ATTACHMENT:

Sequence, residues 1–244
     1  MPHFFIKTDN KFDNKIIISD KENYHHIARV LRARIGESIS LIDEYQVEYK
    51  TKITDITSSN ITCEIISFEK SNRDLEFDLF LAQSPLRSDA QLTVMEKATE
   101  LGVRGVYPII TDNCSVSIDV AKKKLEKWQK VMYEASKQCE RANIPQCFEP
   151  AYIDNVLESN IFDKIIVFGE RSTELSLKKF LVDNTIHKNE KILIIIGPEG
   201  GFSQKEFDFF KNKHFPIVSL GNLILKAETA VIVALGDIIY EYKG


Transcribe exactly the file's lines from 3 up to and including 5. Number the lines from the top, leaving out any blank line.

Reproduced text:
    51  TKITDITSSN ITCEIISFEK SNRDLEFDLF LAQSPLRSDA QLTVMEKATE
   101  LGVRGVYPII TDNCSVSIDV AKKKLEKWQK VMYEASKQCE RANIPQCFEP
   151  AYIDNVLESN IFDKIIVFGE RSTELSLKKF LVDNTIHKNE KILIIIGPEG